Diet for Ulcerative Colitis
Ulcerative colitis is, literally, a pain in the rear: An inflammation of the large intestine and rectum. The symptoms – abdominal pain, cramping, diarrhea and bleeding – can be debilitating.
And if you have ulcerative colitis, you know that sometimes it flares up, and it often depends on what you’ve had to eat. It’s important to understand that certain foods do not cause ulcerative colitis and the Crohn’s and Colitis Foundation of America says diet is not a major factor in causing inflammation. However, some colitis sufferers experience issues related to what they’re eating, so it’s smart to have an Ulcerative Colitis Diet Plan to help control those flare-ups.
“Many people do identify some food triggers and these should be avoided if possible,” says Crozer-Keystone gastroenterologist Joyann Kroser, M.D. “I think patients who keep a food-and-symptoms diary have more insight into what foods may challenge them.” Here is a diet plan that works for most ulcerative colitis patients:
Foods to Eat
- Proteins, including fish, meat and poultry. No restrictions here, unless you happen to be a vegetarian. If you are, then soy-based proteins should also be fine.
- Plenty of fruits and vegetables.
- Grains and cereal.
So far, this seems like a pretty easy diet to follow. We should all be doing this, right?
Foods NOT to Eat
Here’s where it starts to get difficult. Importantly, this is not a one-size-fits-all list; different people react different ways. But if you’re experiencing a lot of flare-ups, these are the foods you may want to cut back on:
Alcohol: Some alcoholic beverages act as stimulants and can irritate the intestines. Red wine, mixed drinks and beer can cause issues such as diarrhea.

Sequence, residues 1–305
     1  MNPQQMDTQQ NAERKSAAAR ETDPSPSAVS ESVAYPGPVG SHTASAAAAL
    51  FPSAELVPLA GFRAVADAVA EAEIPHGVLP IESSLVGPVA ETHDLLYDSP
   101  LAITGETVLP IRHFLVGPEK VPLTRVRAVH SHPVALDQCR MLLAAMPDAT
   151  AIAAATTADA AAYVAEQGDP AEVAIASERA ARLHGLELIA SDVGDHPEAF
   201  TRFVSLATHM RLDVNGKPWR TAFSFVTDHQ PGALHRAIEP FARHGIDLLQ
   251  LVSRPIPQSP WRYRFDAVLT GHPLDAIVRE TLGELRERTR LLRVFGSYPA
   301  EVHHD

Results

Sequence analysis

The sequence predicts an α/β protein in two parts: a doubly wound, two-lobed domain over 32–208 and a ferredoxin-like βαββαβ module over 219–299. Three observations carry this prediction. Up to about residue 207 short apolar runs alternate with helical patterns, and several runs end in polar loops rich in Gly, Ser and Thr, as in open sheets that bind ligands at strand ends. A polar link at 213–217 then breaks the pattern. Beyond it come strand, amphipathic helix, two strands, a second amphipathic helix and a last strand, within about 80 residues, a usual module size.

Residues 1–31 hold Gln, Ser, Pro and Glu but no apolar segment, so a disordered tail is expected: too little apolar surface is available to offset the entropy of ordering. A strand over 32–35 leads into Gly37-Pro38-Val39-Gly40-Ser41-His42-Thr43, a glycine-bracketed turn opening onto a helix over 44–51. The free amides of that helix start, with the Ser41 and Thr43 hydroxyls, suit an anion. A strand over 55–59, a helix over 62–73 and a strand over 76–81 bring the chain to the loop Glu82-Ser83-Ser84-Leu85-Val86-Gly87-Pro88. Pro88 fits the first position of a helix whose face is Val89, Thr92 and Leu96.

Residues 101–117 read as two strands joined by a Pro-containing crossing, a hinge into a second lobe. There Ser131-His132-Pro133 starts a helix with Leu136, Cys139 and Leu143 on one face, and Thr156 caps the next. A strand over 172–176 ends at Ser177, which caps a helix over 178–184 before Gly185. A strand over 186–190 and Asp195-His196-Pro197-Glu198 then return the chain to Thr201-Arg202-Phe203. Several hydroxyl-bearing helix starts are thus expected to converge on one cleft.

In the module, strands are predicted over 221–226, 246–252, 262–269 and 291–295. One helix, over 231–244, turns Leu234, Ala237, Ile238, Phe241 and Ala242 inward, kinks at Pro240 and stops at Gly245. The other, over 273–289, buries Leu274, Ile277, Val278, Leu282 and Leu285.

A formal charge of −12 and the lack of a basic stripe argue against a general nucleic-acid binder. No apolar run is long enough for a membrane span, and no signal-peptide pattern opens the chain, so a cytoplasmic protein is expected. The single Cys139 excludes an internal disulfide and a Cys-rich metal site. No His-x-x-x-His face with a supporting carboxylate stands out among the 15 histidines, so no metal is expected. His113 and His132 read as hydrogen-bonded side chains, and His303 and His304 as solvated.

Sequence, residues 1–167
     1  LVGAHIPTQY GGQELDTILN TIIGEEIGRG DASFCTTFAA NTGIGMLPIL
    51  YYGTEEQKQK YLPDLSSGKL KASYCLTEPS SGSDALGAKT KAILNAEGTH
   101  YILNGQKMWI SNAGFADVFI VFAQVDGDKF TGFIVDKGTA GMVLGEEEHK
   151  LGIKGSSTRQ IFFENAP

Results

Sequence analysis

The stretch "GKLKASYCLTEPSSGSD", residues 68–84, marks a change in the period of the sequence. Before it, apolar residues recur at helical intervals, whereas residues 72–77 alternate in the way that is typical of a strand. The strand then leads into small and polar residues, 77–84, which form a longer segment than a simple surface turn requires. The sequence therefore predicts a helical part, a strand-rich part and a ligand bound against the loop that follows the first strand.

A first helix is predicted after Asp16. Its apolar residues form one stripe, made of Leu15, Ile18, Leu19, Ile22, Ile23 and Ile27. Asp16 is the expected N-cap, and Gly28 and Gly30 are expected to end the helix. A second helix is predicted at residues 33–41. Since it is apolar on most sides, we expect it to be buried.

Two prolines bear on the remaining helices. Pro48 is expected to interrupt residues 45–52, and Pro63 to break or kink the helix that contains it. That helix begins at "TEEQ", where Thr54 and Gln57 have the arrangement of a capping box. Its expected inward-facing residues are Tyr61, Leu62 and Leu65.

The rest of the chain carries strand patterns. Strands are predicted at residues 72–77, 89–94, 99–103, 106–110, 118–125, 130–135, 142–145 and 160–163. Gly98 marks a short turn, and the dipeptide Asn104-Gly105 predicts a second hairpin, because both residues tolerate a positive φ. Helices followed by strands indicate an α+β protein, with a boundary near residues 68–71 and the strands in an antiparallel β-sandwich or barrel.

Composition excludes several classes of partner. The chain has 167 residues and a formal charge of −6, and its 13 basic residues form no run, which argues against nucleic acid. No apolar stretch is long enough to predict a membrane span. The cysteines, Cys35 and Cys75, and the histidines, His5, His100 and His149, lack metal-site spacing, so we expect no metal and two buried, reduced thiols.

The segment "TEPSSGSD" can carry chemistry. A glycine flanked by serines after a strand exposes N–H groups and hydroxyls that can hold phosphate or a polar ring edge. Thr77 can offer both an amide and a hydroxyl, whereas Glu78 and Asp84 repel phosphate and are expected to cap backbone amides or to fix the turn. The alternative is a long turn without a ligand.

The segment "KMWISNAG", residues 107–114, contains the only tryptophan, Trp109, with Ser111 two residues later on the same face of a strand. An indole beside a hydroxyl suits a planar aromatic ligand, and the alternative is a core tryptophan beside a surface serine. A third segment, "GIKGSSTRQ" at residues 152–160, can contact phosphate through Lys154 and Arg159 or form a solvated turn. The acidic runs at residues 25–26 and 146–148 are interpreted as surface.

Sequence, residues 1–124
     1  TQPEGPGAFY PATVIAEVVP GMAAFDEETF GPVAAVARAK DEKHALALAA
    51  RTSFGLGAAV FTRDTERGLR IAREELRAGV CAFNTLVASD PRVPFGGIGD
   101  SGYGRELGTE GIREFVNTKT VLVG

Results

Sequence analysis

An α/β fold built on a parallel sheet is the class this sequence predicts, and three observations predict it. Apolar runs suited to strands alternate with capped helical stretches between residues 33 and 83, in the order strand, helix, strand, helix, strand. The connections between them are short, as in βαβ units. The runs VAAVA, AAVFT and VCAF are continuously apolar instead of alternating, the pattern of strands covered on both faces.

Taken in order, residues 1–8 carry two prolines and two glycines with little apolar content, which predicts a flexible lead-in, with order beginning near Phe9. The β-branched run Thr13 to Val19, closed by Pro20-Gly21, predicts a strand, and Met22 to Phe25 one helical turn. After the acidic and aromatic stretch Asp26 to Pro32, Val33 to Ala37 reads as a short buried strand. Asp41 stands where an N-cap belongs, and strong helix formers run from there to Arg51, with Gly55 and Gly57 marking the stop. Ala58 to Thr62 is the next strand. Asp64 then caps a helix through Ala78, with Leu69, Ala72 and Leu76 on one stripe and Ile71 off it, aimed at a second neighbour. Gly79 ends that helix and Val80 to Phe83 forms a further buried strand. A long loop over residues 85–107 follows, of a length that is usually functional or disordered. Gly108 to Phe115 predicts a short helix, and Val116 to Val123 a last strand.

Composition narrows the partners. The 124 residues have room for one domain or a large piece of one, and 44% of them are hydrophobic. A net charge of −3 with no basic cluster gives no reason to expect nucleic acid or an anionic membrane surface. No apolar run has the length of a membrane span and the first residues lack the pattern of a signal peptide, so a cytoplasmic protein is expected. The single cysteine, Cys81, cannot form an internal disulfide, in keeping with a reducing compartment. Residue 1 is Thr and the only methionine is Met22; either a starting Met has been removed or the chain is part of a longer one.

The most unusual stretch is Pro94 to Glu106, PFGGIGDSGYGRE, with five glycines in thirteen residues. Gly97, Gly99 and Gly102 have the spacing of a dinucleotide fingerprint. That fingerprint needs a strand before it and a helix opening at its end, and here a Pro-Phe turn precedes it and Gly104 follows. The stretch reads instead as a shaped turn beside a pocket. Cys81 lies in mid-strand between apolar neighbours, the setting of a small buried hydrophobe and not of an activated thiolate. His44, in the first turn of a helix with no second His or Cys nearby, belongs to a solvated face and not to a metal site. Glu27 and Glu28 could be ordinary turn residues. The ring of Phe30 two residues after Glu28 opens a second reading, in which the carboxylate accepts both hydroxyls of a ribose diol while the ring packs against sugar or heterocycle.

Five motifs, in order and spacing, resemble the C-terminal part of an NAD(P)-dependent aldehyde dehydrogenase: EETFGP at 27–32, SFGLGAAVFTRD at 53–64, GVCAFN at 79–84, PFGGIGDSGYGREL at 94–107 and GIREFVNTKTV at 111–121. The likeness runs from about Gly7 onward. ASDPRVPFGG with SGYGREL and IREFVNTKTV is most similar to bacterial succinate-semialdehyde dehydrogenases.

Caffeine: Caffeinated drinks can make you go the bathroom more often - too much if you have colitis, leaving you feeling depleted. Try some herbal tea.
Nuts: Nuts can be difficult to digest and irritate your digestive tract; even small pieces of nuts can irritate. If you’re going to eat them, chew them very thoroughly.
Fruit with seeds and/or skins: Seeds and fruit skins (think of an apple skin) can be difficult to digest. Also, beware of yogurt, smoothies and jams made with real fruit, which can contain seeds.
Spicy foods: Just avoid these.
Dairy products: Colitis and lactose intolerance often go hand-in-hand. People with abdominal pain, gas or diarrhea should try removing dairy from their diet to see if the symptoms go away.
For patients with ulcerative colitis who end up with a limited diet, it’s critical to make sure you get enough vitamins and nutrients.
“Patients who have ulcerative colitis or Crohn’s should be on a multivitamin,” Kroser says.
Talk to your doctor about supplements that you should consider taking.